For the last 5 days I’ve been in Banff (Canada) at the nextMEDIA festival – an event for “New Media” practitioners and those would would like to be.

This event very deliberately intersects with the beginning of the Banff TV Festival, one of the world’s largest television festivals, where producers get together with distributors and strike deals,

Almost everybody I spoke to was very generous with their time and experience, and it’s been exciting to be here.

However, last night I had a fascinating run-in with two representatives of a major US cable TV provider. We were getting along famously, chatting about the various people they know and introductions we should make. And then I said one stupid thing and everything came to a screeching halt.

I had already mentioned that I’m making content for the online world, and that this content would be free to download. “How are you going to get an audience?” they asked. “Oh, well I’m just going to SEO the thing, talk to various communities that may form the audience for it. It won’t cost much to make so even a moderate but highly engaged audience would be fine.”

them: “Oh, really.”

me: “Yeah.”

them: “So, you don’t watch TV?”

me: “Not really, I mostly get my entertainment from gaming or the Internet. And some DVDs”

them: “Oh, DVDs are dying! Forget about it! And as for the Internet, ha! There’s no revenue model.”

me: “Doesn’t matter. Internet will replace most TV, eventually. It kind-of has to. It does everything that TV does but better.”

At this point, I realised I’d stepped in it completely. I tried to back track but couldn’t.

them: “So how long do you think TV has left?”

I could have said 20 years. I could have said “Oh, it’ll be around forever in some form or other” (which is my actual opinion, and would have sufficed perfectly). I could even have said “TV will win, the Internet sucks, there will be bandwidth gridlock”.

But no. I said:

“Oh, I give it five years”.


Now before my eyes they danced through every excuse the TV industry makes for its own relevance and unique benefits. I did my best to keep up but I realised quickly it was a lost cause.

“You’re the fringe, you’re an outlier, you don’t count!”

(well, I can only speak from anecdotal evidence as I don’t run a cable company, but literally none of my friends watch television – they play games and download stuff from the internet. And eventually this generation will grow up and become mainstream consumers.)

“People WANT to sit on their couches and watch TV – most people don’t want choice, they want to be fat, stupid and happy”

(putting aside how condescending and unrealistic this is, and the fact that until now people have had few other entertainment options, there’s no reason why an internet-connected device can’t provide this kind of experience)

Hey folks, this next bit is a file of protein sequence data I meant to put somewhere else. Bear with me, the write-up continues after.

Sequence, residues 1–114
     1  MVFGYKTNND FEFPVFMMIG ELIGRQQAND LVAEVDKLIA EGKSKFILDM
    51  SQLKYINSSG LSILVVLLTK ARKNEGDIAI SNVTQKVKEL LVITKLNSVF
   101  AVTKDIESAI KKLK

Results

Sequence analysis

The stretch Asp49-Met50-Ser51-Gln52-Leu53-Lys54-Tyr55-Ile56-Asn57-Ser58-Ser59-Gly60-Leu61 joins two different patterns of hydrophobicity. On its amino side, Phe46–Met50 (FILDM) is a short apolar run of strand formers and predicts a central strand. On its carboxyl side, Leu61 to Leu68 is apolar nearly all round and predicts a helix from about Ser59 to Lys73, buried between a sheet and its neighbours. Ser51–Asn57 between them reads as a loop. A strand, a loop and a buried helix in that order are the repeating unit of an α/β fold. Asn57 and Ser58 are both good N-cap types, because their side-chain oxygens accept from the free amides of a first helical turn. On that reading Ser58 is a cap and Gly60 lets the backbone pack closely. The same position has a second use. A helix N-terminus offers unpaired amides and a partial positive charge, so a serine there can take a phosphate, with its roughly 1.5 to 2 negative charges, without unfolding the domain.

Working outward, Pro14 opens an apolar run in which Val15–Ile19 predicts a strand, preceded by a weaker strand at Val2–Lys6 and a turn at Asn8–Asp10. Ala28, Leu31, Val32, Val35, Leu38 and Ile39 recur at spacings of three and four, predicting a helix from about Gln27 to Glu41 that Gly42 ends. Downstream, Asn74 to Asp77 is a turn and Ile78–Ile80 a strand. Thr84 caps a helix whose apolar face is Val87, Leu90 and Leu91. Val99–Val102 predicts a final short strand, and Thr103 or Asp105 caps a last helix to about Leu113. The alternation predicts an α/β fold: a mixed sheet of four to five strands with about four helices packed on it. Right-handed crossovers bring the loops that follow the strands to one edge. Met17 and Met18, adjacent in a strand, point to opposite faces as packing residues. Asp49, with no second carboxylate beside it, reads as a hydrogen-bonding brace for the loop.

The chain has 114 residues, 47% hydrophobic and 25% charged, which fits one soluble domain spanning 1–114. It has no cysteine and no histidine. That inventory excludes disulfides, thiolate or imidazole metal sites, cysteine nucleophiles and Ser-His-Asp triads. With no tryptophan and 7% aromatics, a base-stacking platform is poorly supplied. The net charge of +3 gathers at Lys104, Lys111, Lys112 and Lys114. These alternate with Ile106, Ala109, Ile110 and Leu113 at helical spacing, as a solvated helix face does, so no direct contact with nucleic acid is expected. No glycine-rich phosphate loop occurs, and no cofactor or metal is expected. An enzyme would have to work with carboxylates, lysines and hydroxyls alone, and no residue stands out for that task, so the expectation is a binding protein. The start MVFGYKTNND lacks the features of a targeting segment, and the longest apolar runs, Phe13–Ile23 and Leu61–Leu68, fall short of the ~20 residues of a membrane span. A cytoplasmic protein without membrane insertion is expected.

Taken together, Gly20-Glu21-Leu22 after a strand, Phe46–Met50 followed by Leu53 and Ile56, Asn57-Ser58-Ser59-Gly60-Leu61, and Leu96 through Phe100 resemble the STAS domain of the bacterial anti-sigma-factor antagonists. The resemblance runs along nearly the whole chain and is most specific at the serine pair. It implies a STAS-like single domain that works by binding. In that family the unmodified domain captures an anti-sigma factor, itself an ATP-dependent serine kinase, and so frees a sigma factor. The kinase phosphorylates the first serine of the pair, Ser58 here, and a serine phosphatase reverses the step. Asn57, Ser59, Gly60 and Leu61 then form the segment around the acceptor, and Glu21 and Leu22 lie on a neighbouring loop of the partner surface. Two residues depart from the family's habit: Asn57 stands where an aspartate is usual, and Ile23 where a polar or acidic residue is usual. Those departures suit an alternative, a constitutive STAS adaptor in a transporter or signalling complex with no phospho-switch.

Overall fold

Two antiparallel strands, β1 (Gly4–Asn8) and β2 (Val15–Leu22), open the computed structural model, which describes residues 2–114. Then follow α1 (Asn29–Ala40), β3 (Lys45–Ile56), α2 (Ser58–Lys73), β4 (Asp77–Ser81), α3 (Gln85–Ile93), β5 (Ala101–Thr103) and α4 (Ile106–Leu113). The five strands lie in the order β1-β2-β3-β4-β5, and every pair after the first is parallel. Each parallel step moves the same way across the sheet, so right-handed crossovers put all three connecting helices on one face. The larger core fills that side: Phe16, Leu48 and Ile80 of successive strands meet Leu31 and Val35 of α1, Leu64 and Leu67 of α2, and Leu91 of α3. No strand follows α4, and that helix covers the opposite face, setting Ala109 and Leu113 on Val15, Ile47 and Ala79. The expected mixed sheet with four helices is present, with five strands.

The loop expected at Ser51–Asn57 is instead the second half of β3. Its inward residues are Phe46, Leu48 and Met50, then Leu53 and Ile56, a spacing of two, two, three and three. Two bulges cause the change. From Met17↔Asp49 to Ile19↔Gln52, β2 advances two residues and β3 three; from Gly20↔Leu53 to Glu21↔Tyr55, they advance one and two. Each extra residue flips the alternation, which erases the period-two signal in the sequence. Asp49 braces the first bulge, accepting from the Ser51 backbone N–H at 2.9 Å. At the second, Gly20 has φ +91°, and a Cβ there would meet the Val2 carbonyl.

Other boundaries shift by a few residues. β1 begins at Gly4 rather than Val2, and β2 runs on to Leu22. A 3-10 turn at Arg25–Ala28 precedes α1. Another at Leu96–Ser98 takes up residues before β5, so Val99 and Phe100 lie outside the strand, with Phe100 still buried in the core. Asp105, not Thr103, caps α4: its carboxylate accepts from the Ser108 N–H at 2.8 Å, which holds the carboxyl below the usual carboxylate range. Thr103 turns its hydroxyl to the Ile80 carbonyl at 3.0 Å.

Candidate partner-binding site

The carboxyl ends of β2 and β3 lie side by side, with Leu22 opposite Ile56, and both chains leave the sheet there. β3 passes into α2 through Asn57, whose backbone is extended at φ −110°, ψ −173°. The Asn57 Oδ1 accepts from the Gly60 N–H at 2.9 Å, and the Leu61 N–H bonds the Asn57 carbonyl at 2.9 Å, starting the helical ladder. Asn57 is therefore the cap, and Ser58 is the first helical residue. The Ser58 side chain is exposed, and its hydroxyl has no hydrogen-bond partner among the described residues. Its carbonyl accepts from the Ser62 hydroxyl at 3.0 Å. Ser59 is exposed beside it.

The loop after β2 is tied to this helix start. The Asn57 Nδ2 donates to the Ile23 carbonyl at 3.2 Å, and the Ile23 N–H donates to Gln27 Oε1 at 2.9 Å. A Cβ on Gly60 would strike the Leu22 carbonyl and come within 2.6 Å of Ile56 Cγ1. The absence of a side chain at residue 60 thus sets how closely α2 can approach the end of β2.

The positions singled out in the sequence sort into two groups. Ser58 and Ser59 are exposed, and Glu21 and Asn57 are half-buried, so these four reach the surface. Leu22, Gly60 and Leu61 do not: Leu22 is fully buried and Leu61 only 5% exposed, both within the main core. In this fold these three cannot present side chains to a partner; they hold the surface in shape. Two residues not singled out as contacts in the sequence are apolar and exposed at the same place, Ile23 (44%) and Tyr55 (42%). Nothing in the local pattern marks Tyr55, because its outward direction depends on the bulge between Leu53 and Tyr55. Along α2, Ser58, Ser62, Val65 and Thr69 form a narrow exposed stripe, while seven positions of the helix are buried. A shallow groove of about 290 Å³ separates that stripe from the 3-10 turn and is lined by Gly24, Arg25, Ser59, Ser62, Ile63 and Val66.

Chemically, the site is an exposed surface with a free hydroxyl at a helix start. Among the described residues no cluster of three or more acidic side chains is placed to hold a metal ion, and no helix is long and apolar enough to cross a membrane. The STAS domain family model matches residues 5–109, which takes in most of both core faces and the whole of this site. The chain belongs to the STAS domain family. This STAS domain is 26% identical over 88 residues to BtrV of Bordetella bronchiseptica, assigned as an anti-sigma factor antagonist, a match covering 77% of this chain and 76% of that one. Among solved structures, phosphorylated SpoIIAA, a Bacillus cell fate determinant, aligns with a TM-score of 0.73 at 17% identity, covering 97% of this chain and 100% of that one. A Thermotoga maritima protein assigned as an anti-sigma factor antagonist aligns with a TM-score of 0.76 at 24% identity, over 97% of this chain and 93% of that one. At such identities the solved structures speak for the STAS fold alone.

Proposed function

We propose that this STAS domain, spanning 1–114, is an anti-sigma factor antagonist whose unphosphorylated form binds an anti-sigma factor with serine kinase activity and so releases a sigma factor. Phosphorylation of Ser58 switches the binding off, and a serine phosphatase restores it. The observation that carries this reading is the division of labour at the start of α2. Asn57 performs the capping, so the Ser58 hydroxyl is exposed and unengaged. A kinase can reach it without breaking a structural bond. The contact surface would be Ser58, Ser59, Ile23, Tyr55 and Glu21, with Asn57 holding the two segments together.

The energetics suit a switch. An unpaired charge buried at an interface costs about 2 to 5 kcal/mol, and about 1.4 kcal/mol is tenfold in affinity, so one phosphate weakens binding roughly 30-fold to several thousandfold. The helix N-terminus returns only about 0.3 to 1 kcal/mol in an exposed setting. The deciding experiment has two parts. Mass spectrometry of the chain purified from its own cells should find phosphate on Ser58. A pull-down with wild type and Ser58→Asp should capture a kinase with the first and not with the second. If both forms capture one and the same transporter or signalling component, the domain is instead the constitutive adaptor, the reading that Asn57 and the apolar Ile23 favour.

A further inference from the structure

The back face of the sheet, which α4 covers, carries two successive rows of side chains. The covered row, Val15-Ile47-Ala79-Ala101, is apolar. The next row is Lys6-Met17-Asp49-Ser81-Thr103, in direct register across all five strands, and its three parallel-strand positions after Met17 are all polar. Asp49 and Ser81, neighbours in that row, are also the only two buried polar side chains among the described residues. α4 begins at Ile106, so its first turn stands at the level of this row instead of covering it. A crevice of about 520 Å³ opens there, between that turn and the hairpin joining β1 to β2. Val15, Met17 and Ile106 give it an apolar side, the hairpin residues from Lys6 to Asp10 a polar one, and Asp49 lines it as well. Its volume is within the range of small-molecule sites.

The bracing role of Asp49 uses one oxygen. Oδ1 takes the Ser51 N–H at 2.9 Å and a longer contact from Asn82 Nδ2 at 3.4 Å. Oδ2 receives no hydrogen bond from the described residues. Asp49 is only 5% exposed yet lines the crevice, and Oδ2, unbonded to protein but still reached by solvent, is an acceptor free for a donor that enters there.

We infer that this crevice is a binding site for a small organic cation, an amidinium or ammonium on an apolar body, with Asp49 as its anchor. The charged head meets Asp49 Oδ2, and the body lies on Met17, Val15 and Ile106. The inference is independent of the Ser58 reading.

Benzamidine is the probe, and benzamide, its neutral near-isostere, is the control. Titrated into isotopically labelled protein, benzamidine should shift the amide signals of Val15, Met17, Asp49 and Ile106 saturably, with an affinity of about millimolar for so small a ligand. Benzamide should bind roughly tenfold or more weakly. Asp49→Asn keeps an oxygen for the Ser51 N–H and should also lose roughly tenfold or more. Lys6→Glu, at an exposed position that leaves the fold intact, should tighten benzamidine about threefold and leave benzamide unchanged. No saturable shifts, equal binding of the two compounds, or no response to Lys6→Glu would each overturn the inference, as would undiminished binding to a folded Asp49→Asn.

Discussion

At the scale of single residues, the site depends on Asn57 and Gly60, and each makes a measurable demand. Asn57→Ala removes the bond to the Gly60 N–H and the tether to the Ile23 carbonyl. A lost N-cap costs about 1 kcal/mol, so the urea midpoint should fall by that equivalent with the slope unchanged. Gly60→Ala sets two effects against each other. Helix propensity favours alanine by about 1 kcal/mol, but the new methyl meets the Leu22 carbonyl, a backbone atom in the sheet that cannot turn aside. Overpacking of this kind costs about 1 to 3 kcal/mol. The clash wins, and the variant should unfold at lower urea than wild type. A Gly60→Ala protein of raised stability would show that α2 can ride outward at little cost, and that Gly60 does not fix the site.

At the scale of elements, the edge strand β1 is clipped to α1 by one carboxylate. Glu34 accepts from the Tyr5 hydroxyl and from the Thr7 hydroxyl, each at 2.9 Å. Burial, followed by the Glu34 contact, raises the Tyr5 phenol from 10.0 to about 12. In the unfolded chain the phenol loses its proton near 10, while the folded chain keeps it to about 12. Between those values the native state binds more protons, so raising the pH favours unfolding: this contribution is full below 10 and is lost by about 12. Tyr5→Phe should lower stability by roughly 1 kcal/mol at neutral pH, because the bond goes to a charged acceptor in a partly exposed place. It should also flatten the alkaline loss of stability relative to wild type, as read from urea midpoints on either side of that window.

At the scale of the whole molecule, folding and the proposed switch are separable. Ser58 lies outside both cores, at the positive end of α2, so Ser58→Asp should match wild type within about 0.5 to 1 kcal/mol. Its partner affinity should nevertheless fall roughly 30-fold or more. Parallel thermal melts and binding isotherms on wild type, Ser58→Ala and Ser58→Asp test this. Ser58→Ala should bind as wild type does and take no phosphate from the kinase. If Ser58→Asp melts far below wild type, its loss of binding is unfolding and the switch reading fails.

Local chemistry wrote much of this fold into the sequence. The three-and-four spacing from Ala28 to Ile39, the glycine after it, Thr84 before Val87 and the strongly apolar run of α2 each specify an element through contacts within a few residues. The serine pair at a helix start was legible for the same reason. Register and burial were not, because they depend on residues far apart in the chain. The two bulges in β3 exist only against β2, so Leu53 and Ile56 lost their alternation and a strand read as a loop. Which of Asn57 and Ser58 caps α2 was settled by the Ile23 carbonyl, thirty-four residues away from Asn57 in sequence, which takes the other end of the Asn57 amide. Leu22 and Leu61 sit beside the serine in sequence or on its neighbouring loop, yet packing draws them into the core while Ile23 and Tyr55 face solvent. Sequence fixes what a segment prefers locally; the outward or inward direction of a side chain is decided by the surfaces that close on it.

“Do you have kids? You won’t get it until you have kids. Then you’ll watch a whole lot of TV.”

(This struck me as bizarre, frankly. if I have kids I’ll probably watch even less TV than I do now – because I’ll be interacting with my family. My own family barely watched TV growing up, maybe half an hour a day. I spent most of my time drawing, painting, riding my bike, playing soccer or programming my Commodore 64. My parents spent their time fixing the house, shopping, playing music or sports. There’s nothing about having a family that requires you to watch TV instead of use the Internet or do anything else.)

“The cable industry pours $22 billion per year into making content. Where is that money going to come from now? Who is going to pay for that?”

(well, maybe the money won’t come from anywhere and those people will be out of work, which sucks but it’s happened before. But I suspect consumers will be happy to pay just as much to be entertained, it just won’t get taxed by distribution agents like cable companies. Which means even more great content than before!)

“You can’t make cheap content – what about the Unions? It costs $2 million per episode to make {X}”

(well, I’m sorry but you’re still competing with local theater companies, kids on YouTube, parents filming local sports. The quality of these might suck right now, but they have improved dramatically and will continue to do so. These people aren’t members of the union. They’re just making great content their friends will care about. And hey, hopefully they’ll get paid if it’s good enough too!)

And so on and so on. Argument, counter-argument. But the fact is, they now simply hated me.

An ironic aspect to all of this is that I really really want to help content creators keep getting paid well for making great content. And I want to create Internet alternatives to cable and terrestrial broadcast that enable those experiences to transition as painlessly as possible to the online world.

Yes, I’m naive. In fact, I’m happy to be wrong. I just wish I could have these debates without people exploding. I’m not here to destroy your industry!


I was told by a friend the other day that before the invention of the printing press it used to cost something like a million dollars to buy one copy of the bible. There was a whole industry around it too – churches with their bible bolted to the rostrum, the holy manuscript revered for its rarity and value as much as the content. Monks holed up in mountaintop monasteries spending years delicately painting illuminated manuscripts. It was one of the few books that existed at all, and few could read it. When the printing press came along, I’m sure it really sucked for the monks who wrote Bibles for a living, and probably even made life somewhat difficult for priests who wanted to be the only people you could come to for Bible-related information. But I think that few would argue that the printing press has been, overall, a bad thing.

It certainly created more industries than it destroyed.